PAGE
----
"On February 14, 1645, [Ingle] surprised the settlement at St. Mary's City, "burned the Catholic chapel and plundered the homes of Catholic settlers. Councillor Giles Brent was captured immediately. He was visiting the Dutch ship Looking Glass anchored in the river. Ingle seized the ship as a prize. Governor Calvert managed to collect and arm supporters and create some sort of fortification called St. Thomas's Fort, which was probably located on the properties of the Brents. (Giles Brent's town land property and that of his sisters were referred to in some documents as St. Thomas's Lot.) The rebels fortified Calvert's own house near the original St. Mary's Fort, which was evidently too decayed for use. From these two temporary strongholds, both sides foraged in the community for corn and cattle, and Ingle's men, along with Protestant rebels, looted and sometimes burned the homes of leading Catholics. Ingle even sailed to Kent Island and looted and burned Giles Brent's estate there. In late March or early April, 1645, "Ingle sailed for England...his vessel packed with plunder. He carried with him as prisoners Giles Brent; John Lewger, the Provincial Secretary; and two Jesuit priests, Father Andrew White and Father Thomas Copley. "Governor Calvert fled to Virginia, and the Calverts came close to losing the colony entirely...The population of Maryland, perhaps 500-600 people at Ingle's raid, probably dropped to under 100, fewer than had come on Ark and Dove eleven years before. If Maryland was to recover, the province had to start anew.
During this time no mention is made of Mary Kittimaquund, but one can imagine the turmoil faced by a young Indian girl, taken from her own home and culture at the age of 7 and married to a man in his late thirties when she was 11. Now, less than two years later, she is 13. Is she taken prisoner on the ship with Giles? Is she left behind? The record doesn't say. By the time of the restoration, if not earlier, Mary's father died.
In Dec of 1646, the Restoration of the Calverts began. Leonard Calvert..."arrived at St. Mary's, probably in late December, with a force of 28 soldiers, about half of them former inhabitants. It appears that he met with little resistance. He quickly called up the Assembly that had been elected under Hill; he did not try to call elections for a new one. In the presence of this Assembly, six of his soldiers swore that Calvert had told them before leaving Virginia that if he found that the inhabitants of St. Mary's had accepted his pardon the soldiers were to expect no pillage; he would receive the inhabitants in peace and ask only that they aid him in reducing Kent. With these reassurances, and doubtless feeling little appetite for violence, the Assembly sat for four days. It passed several laws, the most important being an act for collecting a custom of 60 pounds of tobacco per hogshead of tobacco exported from Maryland. This revenue was intended to support and pay the soldiers, although Leonard Calvert had to pledge payment from both his own and his brother's estate should the custom prove insufficient.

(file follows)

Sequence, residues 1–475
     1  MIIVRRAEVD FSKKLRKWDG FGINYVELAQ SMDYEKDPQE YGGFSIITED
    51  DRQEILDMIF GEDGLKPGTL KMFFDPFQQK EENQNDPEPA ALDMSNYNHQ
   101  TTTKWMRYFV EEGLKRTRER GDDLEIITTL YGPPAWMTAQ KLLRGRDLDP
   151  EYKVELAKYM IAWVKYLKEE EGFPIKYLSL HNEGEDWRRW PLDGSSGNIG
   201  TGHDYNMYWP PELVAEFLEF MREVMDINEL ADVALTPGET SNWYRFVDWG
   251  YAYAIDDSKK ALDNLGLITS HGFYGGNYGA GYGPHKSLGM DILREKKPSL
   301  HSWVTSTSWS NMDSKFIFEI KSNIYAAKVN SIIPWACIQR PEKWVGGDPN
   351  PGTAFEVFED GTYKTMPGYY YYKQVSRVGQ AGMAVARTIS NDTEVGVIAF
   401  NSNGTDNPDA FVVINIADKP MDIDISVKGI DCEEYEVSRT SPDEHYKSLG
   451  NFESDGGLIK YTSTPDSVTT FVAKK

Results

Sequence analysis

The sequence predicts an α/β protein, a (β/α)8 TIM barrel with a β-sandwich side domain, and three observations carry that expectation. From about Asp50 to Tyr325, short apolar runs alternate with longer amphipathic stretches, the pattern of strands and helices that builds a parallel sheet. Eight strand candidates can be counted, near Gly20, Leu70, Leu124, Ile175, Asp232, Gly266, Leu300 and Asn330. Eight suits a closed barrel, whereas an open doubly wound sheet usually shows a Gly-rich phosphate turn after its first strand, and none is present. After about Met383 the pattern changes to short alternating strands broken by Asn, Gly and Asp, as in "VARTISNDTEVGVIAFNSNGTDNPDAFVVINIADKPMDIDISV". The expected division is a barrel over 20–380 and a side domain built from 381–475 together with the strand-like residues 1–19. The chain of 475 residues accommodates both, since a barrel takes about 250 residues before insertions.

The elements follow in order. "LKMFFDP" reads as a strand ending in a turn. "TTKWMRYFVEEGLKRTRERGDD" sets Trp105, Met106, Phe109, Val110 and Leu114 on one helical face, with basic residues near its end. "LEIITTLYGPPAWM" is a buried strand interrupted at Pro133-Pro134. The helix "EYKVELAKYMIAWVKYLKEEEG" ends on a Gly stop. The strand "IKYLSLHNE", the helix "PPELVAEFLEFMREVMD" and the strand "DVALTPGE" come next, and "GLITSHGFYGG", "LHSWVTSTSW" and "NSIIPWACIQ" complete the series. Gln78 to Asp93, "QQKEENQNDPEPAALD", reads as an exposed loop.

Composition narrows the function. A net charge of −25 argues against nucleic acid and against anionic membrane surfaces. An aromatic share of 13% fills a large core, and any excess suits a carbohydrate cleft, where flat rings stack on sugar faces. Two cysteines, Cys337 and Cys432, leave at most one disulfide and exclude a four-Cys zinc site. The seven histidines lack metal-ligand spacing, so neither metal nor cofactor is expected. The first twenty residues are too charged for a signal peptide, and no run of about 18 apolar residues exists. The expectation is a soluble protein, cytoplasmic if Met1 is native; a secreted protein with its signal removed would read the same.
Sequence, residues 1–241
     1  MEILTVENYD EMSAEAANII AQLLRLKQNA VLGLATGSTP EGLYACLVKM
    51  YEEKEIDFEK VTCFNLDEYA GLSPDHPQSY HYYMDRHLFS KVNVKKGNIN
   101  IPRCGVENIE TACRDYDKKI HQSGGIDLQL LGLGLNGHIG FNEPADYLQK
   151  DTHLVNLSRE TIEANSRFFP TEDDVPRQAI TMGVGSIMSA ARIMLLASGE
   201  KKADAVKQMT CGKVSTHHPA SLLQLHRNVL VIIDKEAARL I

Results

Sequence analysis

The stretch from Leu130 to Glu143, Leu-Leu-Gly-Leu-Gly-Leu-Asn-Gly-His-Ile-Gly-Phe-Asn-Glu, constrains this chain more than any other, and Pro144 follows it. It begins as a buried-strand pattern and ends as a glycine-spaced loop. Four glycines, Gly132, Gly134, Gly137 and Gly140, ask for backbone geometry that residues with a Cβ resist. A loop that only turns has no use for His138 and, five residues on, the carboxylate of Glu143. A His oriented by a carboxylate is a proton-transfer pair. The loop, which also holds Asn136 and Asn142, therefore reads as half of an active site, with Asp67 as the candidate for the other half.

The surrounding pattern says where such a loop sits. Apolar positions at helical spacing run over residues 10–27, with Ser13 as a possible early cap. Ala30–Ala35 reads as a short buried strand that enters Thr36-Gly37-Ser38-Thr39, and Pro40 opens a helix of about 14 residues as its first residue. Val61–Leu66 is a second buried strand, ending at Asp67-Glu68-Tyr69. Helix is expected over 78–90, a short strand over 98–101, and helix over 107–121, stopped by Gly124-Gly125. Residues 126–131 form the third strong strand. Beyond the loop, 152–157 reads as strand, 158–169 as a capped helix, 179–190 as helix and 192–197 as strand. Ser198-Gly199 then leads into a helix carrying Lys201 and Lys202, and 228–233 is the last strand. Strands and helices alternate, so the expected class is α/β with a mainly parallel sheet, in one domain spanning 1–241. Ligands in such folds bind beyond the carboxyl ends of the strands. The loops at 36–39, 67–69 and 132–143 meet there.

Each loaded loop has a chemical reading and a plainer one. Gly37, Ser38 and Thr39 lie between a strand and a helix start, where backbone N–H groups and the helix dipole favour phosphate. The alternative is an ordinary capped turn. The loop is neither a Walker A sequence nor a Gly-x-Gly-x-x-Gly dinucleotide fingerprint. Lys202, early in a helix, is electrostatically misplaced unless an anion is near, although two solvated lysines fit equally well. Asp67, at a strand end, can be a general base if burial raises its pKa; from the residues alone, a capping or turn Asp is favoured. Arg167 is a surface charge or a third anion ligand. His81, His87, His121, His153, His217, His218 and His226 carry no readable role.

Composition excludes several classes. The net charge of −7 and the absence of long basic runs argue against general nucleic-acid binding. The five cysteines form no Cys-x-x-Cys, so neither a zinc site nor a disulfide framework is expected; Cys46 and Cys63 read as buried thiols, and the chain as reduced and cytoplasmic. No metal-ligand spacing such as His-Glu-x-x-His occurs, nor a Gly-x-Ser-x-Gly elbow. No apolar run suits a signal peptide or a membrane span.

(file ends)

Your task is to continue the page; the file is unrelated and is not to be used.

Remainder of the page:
When Leonard Calvert returned in December 1646, a group of Protestant dissidents fled to Chicacoan, a small settlement across the Potomac river in Virginia, and from there made efforts to raise resistance in Maryland. Problems on Kent Island were even more dangerous. One Peter Knight had seized the Brent properties and led the inhabitants in refusal to accept Lord Baltimore's government. And William Claiborne had returned in a last ditch effort to end Calvert rule by inducing the Islanders to attack St. Mary's. In the end Claiborne failed, and Knight, seeing no hope of help from Virginia, departed for Chicacoan after looting the Brents' estate. When Calvert arrived with his soldiers in early April of 1647 he had little difficulty persuading the few men who by then remained on the island to take the oath of fidelity and accept Lord Baltimore's government. On April 16, he pardoned all on Kent who had taken the oath, and on April 18, he reestablished the local government in the name of Lord Baltimore with the appointment of a commander and justices of a county court. Thus ended what Marylanders called the Time of Troubles and what historians have called Ingle's Rebellion.
Leonard Calvert achieved success, but Lord Baltimore might have lost his colony just the same had not the second half of the 1640s been a time of boom in the tobacco industry. When Ingle began his raid, there were probably between 500 and 600 inhabitants; when Calvert returned there were probably only about 100. The others had left in search of peaceful rule and opportunities to achieve prosperity without constant threat of violence. Had poor economic prospects caused the population drain to continue, the Calvert colony would have come to an end. Instead, however, once peace appeared to be established, the Maryland population grew rapidly. There would be future challenges to Calvert rule, but no lack of settlers to exploit the land.
Carr notes that while "Giles was in Maryland by November 6, 1646, he does not appear again in the Maryland records until after Leonard Calvert's death. Apparently Brent did not participate in the recovery of Maryland or share in the pacification of Kent Island. Were he and his [13 year old] wife living with the Piscataway Indians and perhaps trying to garner support there for a claim to Indian lands? Or was Giles in Virginia, scouting out opportunities there?"